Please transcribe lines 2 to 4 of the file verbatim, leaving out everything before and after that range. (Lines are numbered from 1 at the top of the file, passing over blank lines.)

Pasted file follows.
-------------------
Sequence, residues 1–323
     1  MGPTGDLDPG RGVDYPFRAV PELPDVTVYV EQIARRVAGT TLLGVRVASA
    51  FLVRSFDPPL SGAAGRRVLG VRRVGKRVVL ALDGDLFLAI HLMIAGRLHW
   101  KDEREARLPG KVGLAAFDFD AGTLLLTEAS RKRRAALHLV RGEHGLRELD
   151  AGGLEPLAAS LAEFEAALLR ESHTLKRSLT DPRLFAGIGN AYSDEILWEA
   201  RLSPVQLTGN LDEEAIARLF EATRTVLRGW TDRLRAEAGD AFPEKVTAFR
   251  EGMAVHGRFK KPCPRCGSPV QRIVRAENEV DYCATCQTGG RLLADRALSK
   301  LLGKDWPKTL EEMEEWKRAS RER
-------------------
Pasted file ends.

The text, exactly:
     1  MGPTGDLDPG RGVDYPFRAV PELPDVTVYV EQIARRVAGT TLLGVRVASA
    51  FLVRSFDPPL SGAAGRRVLG VRRVGKRVVL ALDGDLFLAI HLMIAGRLHW
   101  KDEREARLPG KVGLAAFDFD AGTLLLTEAS RKRRAALHLV RGEHGLRELD